A legislative motion seeking support for a referendum on the issue of same-sex marriages prior to the May 2017 general election has been accepted by the Cayman Islands Speaker of the House and could be heard on the Legislative Assembly floor as early as next month.
Unlike most private members’ motions, which are filed by one MLA and “seconded” by another, the same-sex marriage motion was signed by all five independent Legislative Assembly members.
Opposition party leader, West Bay MLA McKeeva Bush, has also publicly supported holding a referendum on the topic, although none of Mr. Bush’s Cayman Islands Democratic Party members were listed as signatories to the motion.
Premier Alden McLaughlin has said there is no reason to hold such a public vote because his Progressives-led administration would not support changing Cayman’s Marriage Law or the Constitution Order (2009), both of which define marriage as the union of one man and one woman.
The independent members, Bodden Town MLAs Anthony Eden and Alva Suckoo, East End’s Arden McLean, George Town’s Winston Connolly and North Side’s Ezzard Miller, state they are concerned with a recent decision by the Immigration Appeals Tribunal which “will now require the Immigration Department to register spouses of same-sex marriages as dependents on work permits.” The independent members say this “does not reflect the view of many Caymanians.”
The immigration case referenced involves former Cayman Islands Law School professor Leonardo Raznovich, who sought to become a dependent on his male partner’s work permit after his contract at the law school ended, in order to remain in Cayman. Initially, the immigration board that heard the application denied it because the local Marriage Law does not recognize gay unions. That decision was reversed earlier this year by the Immigration Appeals Tribunal.
The members’ motion asks the government to consider holding a referendum prior to the May 2017 elections on “whether or not the people of the Cayman Islands wish to legally recognize same-sex marriages and unions in our laws.”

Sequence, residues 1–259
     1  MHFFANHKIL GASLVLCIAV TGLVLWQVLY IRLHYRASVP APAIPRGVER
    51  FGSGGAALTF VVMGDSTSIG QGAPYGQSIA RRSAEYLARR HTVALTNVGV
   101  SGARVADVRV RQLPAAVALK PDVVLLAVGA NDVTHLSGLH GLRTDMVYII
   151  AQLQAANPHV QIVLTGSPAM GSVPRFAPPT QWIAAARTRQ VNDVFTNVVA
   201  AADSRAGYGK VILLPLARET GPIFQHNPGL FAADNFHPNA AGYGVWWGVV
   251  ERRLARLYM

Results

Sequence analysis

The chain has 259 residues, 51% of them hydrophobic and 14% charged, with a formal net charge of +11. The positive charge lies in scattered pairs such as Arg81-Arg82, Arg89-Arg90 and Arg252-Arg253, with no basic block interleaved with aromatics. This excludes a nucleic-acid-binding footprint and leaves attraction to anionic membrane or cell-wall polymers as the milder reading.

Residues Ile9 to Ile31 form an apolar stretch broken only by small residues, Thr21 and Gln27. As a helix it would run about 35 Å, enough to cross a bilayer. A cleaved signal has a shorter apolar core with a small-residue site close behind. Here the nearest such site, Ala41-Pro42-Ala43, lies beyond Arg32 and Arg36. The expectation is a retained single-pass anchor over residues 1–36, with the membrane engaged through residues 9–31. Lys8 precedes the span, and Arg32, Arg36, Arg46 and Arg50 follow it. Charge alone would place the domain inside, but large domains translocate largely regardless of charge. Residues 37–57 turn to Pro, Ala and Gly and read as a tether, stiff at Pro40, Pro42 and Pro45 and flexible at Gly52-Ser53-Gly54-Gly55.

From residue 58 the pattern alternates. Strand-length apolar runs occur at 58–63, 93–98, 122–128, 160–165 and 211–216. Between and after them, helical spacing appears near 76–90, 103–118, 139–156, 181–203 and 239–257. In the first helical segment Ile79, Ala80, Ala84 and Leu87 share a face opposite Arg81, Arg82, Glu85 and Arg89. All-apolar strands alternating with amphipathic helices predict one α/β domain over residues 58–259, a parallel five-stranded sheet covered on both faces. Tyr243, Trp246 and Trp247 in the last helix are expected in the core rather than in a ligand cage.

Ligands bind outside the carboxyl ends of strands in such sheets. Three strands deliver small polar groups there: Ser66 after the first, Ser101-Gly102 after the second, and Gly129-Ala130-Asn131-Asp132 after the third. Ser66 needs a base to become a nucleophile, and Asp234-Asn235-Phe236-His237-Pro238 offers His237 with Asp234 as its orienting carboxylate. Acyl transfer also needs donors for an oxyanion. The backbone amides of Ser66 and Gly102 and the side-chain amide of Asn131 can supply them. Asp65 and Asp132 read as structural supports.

In June, Premier McLaughlin said his administration had “no intention” of implementing any changes to local legislation or the constitution with regard to same-sex marriages. He agreed with the independents that government has no mandate to do so, in any case.
“This government is not pushing, nor are we prepared to move toward the recognition of same-sex unions or civil unions … or any such thing,” Mr. McLaughlin said during a Legislative Assembly meeting in June. “Quite what the U.K. does to this issue is another matter entirely.”
The premier said his government’s efforts have been targeted at “avoiding as far as possible the making of an Order-in-Council which would impose such things on a country and a people who, thus far, I have no indication would like to see that as part of our culture.”
The local Constitution Order (2009) gives the governor power to legislate in situations where protecting British interests or avoiding contingent liabilities to the U.K. government arise.
The last such Order-in-Council issued involved the abolishment of the death penalty for murder in the early 1990s.
Mr. Eden, a founding member of the People’s Progressive Movement political party (now called the Progressives), announced his departure from the government backbench late last year, citing the same-sex marriage/civil unions issue as the reason. Mr. Suckoo also announced his departure from the party in late December for the same reason.
Mr. Eden and Mr. Bush both broached the referendum issue during their debates on the government budget as well.
The next Legislative Assembly meeting is due to start the first week of October.